Tell us a little about “In the Library With a Candlestick.”
I like to write stories that rely on momentum, as if the whole thing must be expressed in one breath. That’s what was driving this piece. Plus, I was a child of the 70s who was well-acquainted with the game. I loved each of the tiny weapons that came with “Clue.” Additionally, I read Agatha Christie novels as an adolescent. I suppose each of these came together to shape this story. I guess I like murder. I mean in literature.
What was the most difficult part of writing this piece?
Finding a way to link all the characters through chance and purposeful interaction without making it feel too forced. The intention was to show how we can part and come together again. And how traumatic events can affect the paths we take.
Recommend a book for us which was published within the last decade.
Ack! I wish I were home staring at my bookshelf, but I’m in a city far away from my bookshelf. With that said, I will recommend “Autobiography of Red” by Anne Carson. I learned from her that if one can’t write fiction traditionally, one can make a story in a novel way, no pun intended. I love what she does with form, and her imagination seems limitless.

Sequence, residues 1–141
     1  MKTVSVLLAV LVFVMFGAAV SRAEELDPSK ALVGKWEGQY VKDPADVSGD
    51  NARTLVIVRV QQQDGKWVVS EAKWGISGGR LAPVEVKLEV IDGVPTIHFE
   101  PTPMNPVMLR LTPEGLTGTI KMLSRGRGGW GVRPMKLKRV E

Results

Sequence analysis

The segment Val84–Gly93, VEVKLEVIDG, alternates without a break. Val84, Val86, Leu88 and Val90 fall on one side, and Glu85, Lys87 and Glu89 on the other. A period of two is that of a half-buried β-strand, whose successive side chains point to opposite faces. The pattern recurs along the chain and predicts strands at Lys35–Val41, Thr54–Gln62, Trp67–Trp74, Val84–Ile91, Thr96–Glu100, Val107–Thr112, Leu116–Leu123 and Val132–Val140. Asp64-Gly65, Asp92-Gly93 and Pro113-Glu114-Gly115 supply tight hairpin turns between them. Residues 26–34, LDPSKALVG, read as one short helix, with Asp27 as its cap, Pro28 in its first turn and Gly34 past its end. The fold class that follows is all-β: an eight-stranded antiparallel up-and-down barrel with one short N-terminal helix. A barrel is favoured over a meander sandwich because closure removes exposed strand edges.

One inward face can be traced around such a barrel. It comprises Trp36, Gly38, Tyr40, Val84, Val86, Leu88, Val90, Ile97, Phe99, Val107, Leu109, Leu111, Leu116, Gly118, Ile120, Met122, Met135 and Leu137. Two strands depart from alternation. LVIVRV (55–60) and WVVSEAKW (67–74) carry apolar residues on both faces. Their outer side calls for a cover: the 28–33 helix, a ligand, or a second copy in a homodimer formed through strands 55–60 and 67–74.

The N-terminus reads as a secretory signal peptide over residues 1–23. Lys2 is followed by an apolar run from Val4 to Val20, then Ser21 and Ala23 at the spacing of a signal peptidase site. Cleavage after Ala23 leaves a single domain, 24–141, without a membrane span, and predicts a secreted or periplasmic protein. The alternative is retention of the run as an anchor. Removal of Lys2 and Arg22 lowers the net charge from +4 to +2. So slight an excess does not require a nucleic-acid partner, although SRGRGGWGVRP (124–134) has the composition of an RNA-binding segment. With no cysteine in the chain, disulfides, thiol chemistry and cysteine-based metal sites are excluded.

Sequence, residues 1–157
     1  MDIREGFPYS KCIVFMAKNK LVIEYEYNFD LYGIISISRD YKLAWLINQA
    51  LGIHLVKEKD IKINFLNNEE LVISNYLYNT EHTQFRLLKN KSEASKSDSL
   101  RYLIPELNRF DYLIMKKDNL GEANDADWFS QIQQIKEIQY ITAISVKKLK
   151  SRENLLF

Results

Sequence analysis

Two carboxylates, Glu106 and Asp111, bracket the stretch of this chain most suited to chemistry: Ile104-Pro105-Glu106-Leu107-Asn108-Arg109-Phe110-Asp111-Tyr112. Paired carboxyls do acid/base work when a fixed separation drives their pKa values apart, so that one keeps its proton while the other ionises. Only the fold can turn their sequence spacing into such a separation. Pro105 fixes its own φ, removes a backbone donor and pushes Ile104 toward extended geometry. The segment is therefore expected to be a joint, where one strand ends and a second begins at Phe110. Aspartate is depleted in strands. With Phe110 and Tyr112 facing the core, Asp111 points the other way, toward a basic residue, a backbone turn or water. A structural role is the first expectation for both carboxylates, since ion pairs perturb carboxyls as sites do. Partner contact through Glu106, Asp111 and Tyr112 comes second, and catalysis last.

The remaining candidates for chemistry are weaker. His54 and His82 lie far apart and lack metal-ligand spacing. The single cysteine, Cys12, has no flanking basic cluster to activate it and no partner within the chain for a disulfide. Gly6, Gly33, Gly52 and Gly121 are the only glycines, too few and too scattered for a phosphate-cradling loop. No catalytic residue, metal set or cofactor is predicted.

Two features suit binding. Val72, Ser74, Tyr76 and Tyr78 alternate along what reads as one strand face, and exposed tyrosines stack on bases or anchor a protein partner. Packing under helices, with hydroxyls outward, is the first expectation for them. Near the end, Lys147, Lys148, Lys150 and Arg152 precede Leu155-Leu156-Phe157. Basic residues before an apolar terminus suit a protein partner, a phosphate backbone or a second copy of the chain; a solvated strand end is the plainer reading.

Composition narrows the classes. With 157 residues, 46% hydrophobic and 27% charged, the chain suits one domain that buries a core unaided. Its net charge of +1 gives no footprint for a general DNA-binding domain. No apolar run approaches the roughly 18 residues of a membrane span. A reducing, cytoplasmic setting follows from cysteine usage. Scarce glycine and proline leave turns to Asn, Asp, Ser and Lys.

If you could have a drink with any living author, who would it be?
Mary Ruefle. I like the way she thinks. I also feel confident that she has a fine sense of humor. And we all know drinking is more fun when accompanied by wicked cackling.
What are you working on now? What’s next?
I’m editing, again, a finished collection of prose poems about the complications of motherhood, and I’m working on a third collection of poetry. I suppose one day, too, I will have a collection of flash fiction completed, but it will take a long time.
Our thanks to Sonia for taking the time to answer a few questions and share her work. Read “In the Library With a Candlestick” here: www.sequestrum.org/in-the-library-with-a-candlestick.